PhotographyComposition: Lines Angles Subject matter Rule of thirds
Rule of ThirdsThe basic principle behind the rule of thirds is to imagine breaking an imagedown into thirds (both horizontally and vertically) so that you have 9 parts.With this grid in mind the ‘rule of thirds’ now identifies four importantparts of the image that you should consider placing points of interest in asyou frame your image.
Rule of Thirds• The theory is that if you place points of interest in the intersections or along the lines, that your photo becomes more balanced and will enable a viewer of the image to interact with it more naturally.• Studies have shown that when viewing images that people’s eyes usually go to one of the intersection points most naturally rather than the centre of the shot – using the rule of thirds works with this natural way of viewing an image rather than working against it.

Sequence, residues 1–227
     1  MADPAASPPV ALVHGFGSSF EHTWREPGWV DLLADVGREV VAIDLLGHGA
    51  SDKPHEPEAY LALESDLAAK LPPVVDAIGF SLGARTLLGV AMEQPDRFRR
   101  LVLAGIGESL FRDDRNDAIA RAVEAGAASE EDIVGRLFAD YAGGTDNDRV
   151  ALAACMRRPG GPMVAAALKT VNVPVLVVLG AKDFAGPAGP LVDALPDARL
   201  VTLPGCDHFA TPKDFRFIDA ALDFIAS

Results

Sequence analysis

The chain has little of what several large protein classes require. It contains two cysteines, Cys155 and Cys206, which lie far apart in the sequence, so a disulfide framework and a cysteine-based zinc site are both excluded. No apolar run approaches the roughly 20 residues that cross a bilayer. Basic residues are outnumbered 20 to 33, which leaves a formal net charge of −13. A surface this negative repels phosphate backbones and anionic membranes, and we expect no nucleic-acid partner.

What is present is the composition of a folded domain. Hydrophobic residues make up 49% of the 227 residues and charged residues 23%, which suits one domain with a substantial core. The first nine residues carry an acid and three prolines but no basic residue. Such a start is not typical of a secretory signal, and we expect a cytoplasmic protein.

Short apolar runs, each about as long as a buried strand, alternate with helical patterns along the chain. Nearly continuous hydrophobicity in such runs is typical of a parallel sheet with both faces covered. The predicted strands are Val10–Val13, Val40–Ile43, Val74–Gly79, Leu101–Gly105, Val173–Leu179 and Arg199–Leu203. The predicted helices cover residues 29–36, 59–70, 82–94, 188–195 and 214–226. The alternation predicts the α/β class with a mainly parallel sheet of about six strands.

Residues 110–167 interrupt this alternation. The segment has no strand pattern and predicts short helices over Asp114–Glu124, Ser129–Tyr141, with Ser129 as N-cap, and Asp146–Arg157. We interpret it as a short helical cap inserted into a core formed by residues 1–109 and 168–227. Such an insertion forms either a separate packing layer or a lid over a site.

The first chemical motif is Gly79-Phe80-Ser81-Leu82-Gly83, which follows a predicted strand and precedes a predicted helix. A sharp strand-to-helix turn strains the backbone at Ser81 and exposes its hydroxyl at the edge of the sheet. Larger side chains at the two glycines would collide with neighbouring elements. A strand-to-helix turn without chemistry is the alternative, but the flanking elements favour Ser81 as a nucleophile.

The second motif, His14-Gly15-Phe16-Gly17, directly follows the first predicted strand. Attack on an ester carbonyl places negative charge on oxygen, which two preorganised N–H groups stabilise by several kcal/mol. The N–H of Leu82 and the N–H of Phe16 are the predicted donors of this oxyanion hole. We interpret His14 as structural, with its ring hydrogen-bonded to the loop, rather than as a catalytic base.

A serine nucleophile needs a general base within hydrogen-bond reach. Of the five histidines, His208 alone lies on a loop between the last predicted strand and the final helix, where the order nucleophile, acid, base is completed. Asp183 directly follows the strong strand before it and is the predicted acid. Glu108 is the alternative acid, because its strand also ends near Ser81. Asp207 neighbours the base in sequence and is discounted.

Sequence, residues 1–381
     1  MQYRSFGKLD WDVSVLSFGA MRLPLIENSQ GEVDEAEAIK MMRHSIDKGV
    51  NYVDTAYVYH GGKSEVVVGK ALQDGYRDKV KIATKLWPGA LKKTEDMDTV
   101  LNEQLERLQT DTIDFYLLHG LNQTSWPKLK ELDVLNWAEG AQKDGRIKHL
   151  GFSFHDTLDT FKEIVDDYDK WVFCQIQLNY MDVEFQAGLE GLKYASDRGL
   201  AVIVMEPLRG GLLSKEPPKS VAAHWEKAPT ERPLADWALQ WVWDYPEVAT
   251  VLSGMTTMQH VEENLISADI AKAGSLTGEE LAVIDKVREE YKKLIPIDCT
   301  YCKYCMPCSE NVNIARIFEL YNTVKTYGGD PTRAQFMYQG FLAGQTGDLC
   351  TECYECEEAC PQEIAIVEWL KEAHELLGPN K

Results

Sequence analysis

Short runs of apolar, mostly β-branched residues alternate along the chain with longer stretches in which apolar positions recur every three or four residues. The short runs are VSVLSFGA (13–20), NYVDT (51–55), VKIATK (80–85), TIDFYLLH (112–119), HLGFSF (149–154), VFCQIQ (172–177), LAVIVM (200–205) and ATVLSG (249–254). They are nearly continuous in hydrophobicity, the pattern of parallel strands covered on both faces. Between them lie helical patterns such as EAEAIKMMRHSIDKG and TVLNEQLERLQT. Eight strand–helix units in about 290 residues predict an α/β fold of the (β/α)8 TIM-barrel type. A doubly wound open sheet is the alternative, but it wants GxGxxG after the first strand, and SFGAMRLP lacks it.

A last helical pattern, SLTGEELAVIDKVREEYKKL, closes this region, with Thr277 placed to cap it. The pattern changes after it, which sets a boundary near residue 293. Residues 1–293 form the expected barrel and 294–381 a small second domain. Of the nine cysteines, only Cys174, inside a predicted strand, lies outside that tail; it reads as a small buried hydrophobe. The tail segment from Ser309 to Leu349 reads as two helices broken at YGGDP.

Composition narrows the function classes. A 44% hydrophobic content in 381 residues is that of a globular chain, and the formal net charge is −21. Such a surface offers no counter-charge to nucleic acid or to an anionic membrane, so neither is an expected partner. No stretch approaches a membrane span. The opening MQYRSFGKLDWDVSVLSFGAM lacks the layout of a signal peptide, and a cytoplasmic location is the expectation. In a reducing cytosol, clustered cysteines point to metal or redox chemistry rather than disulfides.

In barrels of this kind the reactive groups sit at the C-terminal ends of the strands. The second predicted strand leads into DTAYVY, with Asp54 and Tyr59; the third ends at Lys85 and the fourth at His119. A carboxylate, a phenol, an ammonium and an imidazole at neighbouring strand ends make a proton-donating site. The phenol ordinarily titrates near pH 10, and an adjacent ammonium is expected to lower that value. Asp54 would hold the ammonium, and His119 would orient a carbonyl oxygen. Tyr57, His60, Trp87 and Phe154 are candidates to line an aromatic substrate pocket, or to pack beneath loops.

Rule of ThirdsExamples of good use of points of interest
Centre of the lighthouse Negative space and diagonal follows the vertical line lines of the clouds and snow draw the eye towards the lighthouse Balcony intersectsTop of withmountain in topdistance horizontalmatches linelowerhorizontalline Centre of balcony falls on Vertical line point of interest. goes through centre of top window And frame of bottom window.
Point of interest falls on Negative space leads the eyecentre of subject matter towards the cliff and the ruin Rocks and horizon echo the horizontal line for the bottom third
Side of head Use of depth of field creates follows first vertical soft focus in background lineEyes are on Depth of fieldline of top draws the eyethird. towards the sharp focus in the face
TASK• Using the college, take 10 striking images using the rule of thirds• Remember to MOVE AROUND!• You must take 10 images each• Take loads of photos of the same subject, moving to find the best perspective• Move up and down, as well as closer to objects. You have 30 minutes